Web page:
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A petroleum reservoir or oil and gas reservoir is a subsurface pool of hydrocarbons contained in porous or fractured rock formations. Petroleum companies extract crude oil from the Earth using a perforation in the Earth's surface called an oil well. Crude oil is a liquid form of petroleum. In addition, wells provide natural gas. Oil wells are 5 to 36 inches in diameter. The drill bit breaks through the ground and drilling fluid brings the cuttings to the surface. Completing the well includes adding perforated casing in the production zone for the oil to flow into the well.
But unfortunately its not going that simple way, usually we face problems during the oil and gas excavating process. So the scientists have been working so hard to find the problems involved while excavating the oil and gas and they tried hard to define those problems and solve it or avoid it at all. One of those problems is the reservoir damage.
Reservoir damageProducing formation damage has been defined as the impairment of the unseen by the inevitable, causing an unknown reduction in the unquantifiable.
In a different context, formation damage is defined as the impairment to reservoir (reduced production) caused by wellbore fluids used during drilling/completion and workover operations. It is a zone of reduced permeability within the vicinity of the wellbore (skin) as a result of foreign-fluid invasion into the reservoir rock.
Typically, any unintended impedance to the flow of fluids into or out of a wellbore is referred to as formation damage.
This broad definition includes flow restrictions caused by a reduction in permeability in the near-wellbore region, changes in relative permeability to the hydrocarbon phase, and unintended flow restrictions in the completion itself. Flow restrictions in the tubing or those imposed by the well partially penetrating a reservoir or other aspects of the completion geometry are not included in this definition because, although they may impede flow, they either have been put in place by design to serve a specific purpose or do not show up in typical measures of formation damage such as skin.
After we know what is the reservoir damage the most important thing is to know how to avoid it so that we can protect our reservoir then we can excavate as much hydraucarbon as we can from the oil and gas producing formation.From the well study of the reservoir damage we noticed that the main reasons that can cause the reservoir damage is the fluids used while drilling the well or while the well compeletion process, in the next few paragraphs we ar going to talk about the drilling fluids and compeletion fluids what is it and how it can affect the reservoir and can cause its damage.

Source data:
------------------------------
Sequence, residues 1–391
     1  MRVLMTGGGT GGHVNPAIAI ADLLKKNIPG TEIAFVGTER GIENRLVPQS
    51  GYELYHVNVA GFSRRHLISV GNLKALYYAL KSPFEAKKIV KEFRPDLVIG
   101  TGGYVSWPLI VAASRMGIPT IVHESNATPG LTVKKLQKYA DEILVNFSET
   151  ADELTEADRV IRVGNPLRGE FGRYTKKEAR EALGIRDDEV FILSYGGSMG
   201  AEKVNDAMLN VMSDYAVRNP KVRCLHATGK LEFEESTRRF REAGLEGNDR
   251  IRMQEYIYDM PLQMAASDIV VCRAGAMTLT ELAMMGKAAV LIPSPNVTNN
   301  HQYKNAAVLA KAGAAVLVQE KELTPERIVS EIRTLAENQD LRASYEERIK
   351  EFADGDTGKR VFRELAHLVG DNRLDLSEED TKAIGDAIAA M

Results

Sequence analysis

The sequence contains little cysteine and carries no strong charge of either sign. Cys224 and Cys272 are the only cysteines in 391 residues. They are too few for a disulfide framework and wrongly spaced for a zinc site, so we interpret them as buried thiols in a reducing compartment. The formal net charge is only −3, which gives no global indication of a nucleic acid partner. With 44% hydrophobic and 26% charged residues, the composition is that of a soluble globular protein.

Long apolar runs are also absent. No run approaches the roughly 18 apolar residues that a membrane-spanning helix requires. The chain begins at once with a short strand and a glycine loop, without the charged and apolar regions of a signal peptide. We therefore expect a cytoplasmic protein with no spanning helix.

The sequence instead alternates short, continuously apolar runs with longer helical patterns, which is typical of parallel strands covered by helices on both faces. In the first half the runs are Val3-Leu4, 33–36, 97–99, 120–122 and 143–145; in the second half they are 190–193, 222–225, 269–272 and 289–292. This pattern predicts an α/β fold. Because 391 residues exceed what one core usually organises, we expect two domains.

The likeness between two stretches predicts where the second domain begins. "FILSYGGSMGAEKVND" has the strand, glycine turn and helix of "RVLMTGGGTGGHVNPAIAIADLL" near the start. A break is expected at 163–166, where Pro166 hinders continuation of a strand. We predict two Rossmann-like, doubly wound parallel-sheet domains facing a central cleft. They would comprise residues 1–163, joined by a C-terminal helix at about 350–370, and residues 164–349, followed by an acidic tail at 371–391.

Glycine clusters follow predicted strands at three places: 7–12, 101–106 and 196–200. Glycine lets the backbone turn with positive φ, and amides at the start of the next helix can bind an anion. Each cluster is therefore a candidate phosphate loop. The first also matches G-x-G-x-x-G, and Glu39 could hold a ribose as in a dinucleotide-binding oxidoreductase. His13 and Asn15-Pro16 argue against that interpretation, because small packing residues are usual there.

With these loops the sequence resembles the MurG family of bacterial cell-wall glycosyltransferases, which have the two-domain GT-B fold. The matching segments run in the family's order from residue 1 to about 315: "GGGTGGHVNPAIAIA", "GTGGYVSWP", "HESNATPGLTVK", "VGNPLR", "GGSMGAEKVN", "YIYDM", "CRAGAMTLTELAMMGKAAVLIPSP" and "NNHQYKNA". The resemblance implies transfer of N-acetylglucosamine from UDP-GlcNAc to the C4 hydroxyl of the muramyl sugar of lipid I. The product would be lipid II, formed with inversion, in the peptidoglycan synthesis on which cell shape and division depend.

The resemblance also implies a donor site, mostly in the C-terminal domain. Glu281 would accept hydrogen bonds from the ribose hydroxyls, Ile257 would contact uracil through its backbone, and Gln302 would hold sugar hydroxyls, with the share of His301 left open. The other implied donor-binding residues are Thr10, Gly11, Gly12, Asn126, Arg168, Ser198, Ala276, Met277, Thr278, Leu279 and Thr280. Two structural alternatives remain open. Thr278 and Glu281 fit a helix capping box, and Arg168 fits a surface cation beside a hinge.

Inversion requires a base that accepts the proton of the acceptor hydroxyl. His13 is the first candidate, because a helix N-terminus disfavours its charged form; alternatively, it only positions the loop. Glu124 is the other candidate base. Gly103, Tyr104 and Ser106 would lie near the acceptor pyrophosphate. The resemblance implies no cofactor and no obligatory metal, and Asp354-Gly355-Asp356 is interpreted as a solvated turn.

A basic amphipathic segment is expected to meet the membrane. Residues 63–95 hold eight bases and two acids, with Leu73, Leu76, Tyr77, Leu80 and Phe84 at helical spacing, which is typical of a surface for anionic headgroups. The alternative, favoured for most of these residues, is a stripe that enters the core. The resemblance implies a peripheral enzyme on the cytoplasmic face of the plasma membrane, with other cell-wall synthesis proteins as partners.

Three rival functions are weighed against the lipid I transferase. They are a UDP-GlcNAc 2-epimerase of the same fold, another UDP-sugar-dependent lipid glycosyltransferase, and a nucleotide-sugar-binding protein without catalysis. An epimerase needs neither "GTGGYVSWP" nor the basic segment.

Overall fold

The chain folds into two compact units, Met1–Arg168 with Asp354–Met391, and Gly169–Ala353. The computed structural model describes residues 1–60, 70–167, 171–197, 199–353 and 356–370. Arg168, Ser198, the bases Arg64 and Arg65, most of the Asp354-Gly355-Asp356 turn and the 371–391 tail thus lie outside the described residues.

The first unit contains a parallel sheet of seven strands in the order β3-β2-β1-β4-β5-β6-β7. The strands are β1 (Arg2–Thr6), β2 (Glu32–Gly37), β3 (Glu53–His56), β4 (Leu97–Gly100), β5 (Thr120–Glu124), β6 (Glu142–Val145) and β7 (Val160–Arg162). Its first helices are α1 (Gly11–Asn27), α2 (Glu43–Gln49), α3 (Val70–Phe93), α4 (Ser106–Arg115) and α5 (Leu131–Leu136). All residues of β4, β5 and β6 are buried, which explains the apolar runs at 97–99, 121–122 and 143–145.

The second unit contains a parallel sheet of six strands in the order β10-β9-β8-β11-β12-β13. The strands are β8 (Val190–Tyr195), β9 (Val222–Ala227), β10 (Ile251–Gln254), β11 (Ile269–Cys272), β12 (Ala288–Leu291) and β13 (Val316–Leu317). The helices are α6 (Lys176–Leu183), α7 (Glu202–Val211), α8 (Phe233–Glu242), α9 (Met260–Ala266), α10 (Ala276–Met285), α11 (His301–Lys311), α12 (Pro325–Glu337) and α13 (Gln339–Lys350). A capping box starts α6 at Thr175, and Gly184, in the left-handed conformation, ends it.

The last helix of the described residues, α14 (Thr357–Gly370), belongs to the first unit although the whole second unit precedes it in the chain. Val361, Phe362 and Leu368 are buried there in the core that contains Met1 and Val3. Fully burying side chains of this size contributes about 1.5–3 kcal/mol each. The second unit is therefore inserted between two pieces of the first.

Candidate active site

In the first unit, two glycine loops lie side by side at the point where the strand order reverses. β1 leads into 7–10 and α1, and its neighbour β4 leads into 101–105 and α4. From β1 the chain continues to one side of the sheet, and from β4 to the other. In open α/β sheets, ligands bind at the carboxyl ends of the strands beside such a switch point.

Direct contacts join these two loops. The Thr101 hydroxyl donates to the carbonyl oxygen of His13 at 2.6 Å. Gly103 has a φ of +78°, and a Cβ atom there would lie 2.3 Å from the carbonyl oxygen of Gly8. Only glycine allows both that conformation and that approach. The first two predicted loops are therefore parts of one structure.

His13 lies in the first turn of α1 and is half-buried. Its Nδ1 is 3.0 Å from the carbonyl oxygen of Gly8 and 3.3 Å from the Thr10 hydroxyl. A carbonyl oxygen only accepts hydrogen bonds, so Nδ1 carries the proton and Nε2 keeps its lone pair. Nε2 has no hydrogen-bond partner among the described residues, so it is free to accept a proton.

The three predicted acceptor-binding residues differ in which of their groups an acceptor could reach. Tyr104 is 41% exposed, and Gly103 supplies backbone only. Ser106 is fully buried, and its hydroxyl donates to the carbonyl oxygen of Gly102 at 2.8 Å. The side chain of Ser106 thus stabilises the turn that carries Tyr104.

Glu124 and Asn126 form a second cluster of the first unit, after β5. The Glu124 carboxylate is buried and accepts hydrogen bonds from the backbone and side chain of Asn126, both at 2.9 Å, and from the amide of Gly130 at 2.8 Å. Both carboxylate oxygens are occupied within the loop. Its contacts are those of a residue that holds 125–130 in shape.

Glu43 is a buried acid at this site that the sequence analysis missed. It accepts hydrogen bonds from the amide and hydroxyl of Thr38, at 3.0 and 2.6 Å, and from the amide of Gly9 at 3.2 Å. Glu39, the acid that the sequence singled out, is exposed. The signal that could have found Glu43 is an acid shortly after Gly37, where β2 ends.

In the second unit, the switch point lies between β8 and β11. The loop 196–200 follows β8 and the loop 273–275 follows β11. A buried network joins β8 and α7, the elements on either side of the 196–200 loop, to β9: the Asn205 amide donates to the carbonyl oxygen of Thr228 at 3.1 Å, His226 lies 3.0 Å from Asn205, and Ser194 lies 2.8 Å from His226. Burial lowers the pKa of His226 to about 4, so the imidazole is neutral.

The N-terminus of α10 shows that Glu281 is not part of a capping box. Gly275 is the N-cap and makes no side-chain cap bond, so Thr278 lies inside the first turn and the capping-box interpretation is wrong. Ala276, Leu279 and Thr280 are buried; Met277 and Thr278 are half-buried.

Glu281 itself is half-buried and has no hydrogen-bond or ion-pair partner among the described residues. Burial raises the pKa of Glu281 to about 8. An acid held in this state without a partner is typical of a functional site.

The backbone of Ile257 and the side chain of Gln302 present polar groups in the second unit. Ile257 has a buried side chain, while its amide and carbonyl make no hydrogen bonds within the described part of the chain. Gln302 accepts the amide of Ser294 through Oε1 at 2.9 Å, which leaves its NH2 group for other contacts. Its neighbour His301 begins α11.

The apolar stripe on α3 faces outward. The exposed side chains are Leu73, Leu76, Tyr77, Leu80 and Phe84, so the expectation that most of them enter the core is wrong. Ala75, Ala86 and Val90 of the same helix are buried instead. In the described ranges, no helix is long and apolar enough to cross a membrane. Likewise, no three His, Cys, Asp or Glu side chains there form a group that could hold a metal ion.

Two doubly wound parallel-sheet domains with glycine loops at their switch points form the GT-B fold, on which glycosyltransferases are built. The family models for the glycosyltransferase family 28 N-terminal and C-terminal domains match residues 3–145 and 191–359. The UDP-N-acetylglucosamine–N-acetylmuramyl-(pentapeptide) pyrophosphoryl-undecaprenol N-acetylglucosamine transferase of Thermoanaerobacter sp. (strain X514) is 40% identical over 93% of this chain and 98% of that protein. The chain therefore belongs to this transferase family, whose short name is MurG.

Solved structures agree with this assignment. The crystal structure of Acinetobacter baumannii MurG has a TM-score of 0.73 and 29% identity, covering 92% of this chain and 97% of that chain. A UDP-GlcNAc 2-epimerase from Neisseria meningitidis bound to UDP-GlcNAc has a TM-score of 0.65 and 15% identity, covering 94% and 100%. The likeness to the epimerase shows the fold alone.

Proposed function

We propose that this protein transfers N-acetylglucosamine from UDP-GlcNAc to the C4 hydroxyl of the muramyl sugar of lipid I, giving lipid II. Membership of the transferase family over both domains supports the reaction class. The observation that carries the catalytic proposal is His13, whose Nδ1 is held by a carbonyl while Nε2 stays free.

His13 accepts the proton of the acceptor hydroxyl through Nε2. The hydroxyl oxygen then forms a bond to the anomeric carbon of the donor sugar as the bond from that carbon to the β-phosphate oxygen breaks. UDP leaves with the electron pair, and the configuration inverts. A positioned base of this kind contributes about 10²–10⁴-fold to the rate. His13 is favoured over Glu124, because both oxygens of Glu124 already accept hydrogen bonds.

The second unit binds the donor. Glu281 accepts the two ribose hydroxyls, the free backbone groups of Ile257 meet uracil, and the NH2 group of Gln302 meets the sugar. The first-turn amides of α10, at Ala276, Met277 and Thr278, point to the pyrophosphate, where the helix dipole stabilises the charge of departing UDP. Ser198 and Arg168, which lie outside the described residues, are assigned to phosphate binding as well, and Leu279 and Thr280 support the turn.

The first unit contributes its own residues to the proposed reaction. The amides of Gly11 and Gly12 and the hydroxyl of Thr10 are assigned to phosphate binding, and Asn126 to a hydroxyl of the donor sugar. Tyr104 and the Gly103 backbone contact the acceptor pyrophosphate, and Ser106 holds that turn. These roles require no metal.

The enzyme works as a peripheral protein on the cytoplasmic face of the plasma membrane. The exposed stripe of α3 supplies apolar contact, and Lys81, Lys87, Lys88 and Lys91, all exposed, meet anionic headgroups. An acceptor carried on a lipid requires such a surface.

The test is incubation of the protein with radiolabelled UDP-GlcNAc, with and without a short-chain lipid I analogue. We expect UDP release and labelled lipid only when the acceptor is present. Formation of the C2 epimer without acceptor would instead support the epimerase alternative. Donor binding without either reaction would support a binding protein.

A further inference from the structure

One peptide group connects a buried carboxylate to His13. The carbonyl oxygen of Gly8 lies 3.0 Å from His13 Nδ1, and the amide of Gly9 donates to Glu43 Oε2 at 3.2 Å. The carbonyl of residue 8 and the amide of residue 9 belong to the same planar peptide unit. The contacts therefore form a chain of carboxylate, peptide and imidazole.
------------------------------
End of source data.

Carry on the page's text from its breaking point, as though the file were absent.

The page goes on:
Drilling FluidsThe drilling-fluid system”commonly known as the "mud system"”is the single component of the well-construction process that remains in contact with the wellbore throughout the entire drilling operation. Drilling-fluid systems are designed and formulated to perform efficiently under expected wellbore conditions. Advances in drilling-fluid technology have made it possible to implement a cost-effective, fit-for-purpose system for each interval in the well-construction process.
The active drilling-fluid system comprises a volume of fluid that is pumped with specially designed mud pumps from the surface pits, through the drillstring exiting at the bit, up the annular space in the wellbore, and back to the surface for solids removal and maintenance treatments as needed. The capacity of the surface system usually is determined by the rig size, and rig selection is determined by the well design. For example, the active drilling-fluid volume on a deepwater well might be several thousand barrels. Much of that volume is required to fill the long drilling riser that connects the rig floor to the seafloor. By contrast, a shallow well on land might only require a few hundred barrels of fluid to reach its objective.
A properly designed and maintained drilling fluid performs several essential functions during well construction:
Allows information about the producing formation(s) to be retrieved through cuttings analysis, logging-while-drilling data, and wireline logs.The cost of the drilling fluid averages 10% of the total tangible costs of well construction; however, drilling-fluid performance can affect overall well-construction costs in several ways. A correctly formulated and well-maintained drilling system can contribute to cost containment throughout the drilling operation by enhancing the rate of penetration (ROP), protecting the reservoir from unnecessary damage, minimizing the potential for loss of circulation, stabilizing the wellbore during static intervals, and helping the operator remain in compliance with environmental and safety regulations. Many drilling-fluid systems can be reused from well to well, thereby reducing waste volumes and costs incurred for building new mud.
To the extent possible, the drilling-fluid system should help preserve the productive potential of the hydrocarbon-bearing zone(s). Minimizing fluid and solids invasion into the zones of interest is critical to achieving desired productivity rates. The drilling fluid also should comply with established health, safety, and environmental (HSE) requirements so that personnel are not endangered and environmentally sensitive areas are protected from contamination. Drilling-fluid companies work closely with oil-and-gas operating companies to attain these mutual goals.
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